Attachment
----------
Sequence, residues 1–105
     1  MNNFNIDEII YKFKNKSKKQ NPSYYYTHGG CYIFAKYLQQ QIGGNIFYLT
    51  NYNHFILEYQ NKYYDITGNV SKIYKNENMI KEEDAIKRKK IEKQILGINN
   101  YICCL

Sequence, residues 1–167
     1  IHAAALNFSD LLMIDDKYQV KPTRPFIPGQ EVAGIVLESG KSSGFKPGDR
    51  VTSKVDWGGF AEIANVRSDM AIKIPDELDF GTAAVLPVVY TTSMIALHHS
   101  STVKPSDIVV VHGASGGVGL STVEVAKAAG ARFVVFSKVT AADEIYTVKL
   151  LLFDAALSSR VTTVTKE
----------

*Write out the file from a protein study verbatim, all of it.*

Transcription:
Sequence, residues 1–105
     1  MNNFNIDEII YKFKNKSKKQ NPSYYYTHGG CYIFAKYLQQ QIGGNIFYLT
    51  NYNHFILEYQ NKYYDITGNV SKIYKNENMI KEEDAIKRKK IEKQILGINN
   101  YICCL

Sequence, residues 1–167
     1  IHAAALNFSD LLMIDDKYQV KPTRPFIPGQ EVAGIVLESG KSSGFKPGDR
    51  VTSKVDWGGF AEIANVRSDM AIKIPDELDF GTAAVLPVVY TTSMIALHHS
   101  STVKPSDIVV VHGASGGVGL STVEVAKAAG ARFVVFSKVT AADEIYTVKL
   151  LLFDAALSSR VTTVTKE